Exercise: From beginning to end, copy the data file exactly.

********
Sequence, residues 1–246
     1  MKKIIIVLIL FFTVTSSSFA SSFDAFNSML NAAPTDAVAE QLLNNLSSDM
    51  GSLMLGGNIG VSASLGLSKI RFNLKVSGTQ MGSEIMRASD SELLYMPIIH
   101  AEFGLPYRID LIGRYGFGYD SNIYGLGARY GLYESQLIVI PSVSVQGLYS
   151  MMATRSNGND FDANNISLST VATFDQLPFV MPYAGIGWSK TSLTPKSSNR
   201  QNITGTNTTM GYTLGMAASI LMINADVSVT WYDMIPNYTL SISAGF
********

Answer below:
Sequence, residues 1–246
     1  MKKIIIVLIL FFTVTSSSFA SSFDAFNSML NAAPTDAVAE QLLNNLSSDM
    51  GSLMLGGNIG VSASLGLSKI RFNLKVSGTQ MGSEIMRASD SELLYMPIIH
   101  AEFGLPYRID LIGRYGFGYD SNIYGLGARY GLYESQLIVI PSVSVQGLYS
   151  MMATRSNGND FDANNISLST VATFDQLPFV MPYAGIGWSK TSLTPKSSNR
   201  QNITGTNTTM GYTLGMAASI LMINADVSVT WYDMIPNYTL SISAGF